Hats Off!

Friday Favorites

One of the first things that pulled me back into photography and was really the beginning of the end of my hiatus was the opportunity to do some product shooting for a friend of mine. She makes hats. Big beautiful derby style hats and she needed images for her etsy shop, Amy Jo Original Hats.

I’m not going to lie, that first session was a little stressful for me. I had never done that kind of work before and rarely did indoor shooting so I was worried that the lighting would be off or my white balance would skewer the colors.

But everything went fine. Better than fine actually. It reignited my love for photography and gave me the confidence boost needed to approach my work as an actual business and not just a cute little mom with a camera side hustle.

Since then we have done several more shoots. Her hats are always stunning and we genuinely have the most fun working together. We had such an amazing time collaborating with dress designers Camilyn Beth Studio and Bespoke Southerly.

A few weeks ago she texted me about a shoot but this time she was doing something just a little different. I am always up for a shoot with AJ’s gorgeous hats but this time she was going to be in front of my lens modeling her headwear and that made me so happy!

You see, I have daughters. Four to be exact and daily they are bombarded with society’s version of beauty and success and I want them to see women who exemplify beauty and success differently. I want them to see the women who work with willing hands, that make their arms strong and perceive the value of what they offer. The ones who start a business in their forties and clothe themselves with strength and dignity and laugh easily as they move into the season of life that the world by and large says we should fight against with all the diet and beauty aids at our disposal no matter the cost.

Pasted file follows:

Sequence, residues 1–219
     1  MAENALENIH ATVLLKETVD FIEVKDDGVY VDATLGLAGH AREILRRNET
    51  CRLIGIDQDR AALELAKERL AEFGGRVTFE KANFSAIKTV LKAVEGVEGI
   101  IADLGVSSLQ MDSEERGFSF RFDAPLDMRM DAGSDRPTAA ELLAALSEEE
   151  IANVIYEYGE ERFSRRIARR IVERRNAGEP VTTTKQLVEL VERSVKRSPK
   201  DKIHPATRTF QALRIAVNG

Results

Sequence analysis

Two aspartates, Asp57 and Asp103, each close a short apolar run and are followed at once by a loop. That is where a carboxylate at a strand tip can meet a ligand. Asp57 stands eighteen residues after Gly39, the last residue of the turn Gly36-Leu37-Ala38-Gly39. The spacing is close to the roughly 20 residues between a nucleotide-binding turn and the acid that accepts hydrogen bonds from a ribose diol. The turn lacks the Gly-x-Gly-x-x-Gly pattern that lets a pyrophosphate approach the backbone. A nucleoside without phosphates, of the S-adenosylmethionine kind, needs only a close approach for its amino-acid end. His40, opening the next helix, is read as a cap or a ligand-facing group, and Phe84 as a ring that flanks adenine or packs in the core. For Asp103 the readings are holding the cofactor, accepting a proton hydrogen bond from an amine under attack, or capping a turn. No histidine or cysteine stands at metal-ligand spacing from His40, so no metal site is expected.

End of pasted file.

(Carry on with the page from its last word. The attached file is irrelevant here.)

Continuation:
I’m really hard pressed to choose a hat from that day as a favorite because they are all so great and create such varied looks. Having just recently begun to eat it again after years of swearing off because of the texture I find myself having a bit of an obsession with all things watermelon this year so I do find myself rather partial to this cute little number though.

The thing I am learning by working with AJ is that hats really class up an ensemble or just add a fun touch to the casual outfit and that a little veil gives things an ultra feminine touch.

My grandmother used to love wearing hats every Easter. Great big floppy ones with brims so wide they could provide shade for half of the state. She would love these Amy Jo Originals!

Someone once said that saying you don’t look good in a hat is like saying you don’t look good in shoes so the next time you have the opportunity try a hat on. I bet you’ll like it!

Lady Lavender

Friday Favorites

I have a friend that lives waaaay on the other side of the country in Oregon. Oftentimes she sends me beautiful pictures that she has taken of all the glorious wildflowers that grow up there. Last Friday she invited me to like a facebook page and while I was elbow deep in preparation for a taco bar I just accepted it, noticed it had something to do with flowers, and went back to the food stuff.

The next morning I had the chance to actually look at the page and y’all, it just made my day. It was a flower truck business! A lavender 1964 Ford truck that had been converted into a mobile flower bar. I assumed it was local to Lauren and was so delighted to see that it was actually local to me! As in here in Pace, Florida as opposed to Joseph, Oregon.

If you know me at all then you know I love flowers in general and I love to photograph them. I also love quirky and fun small businesses and this just tickled my fancy! I immediately started daydreaming about all the ways this could be fun for pictures. I found where they would be on Monday and and reached out to see if they would be willing to to let me snap a few pictures and feature them on my Friday Favorites.

Things were already hopping when I arrived and Lindsay said she had barely gotten the flower buckets out before people were stopping to buy flowers. Prices vary from day to day depending on what her stock is but everything was fresh and colorful. She carries some unique and fun filler stems and bright cheery blooms.

She is as helpful and as hands on as you would like for her to be. She is willing to help talk you through what flowers go well together or she is happy to let you do your own thing. She has only been in business a little over a month but has some fabulous ideas about how to make the most of her mobile flower bar.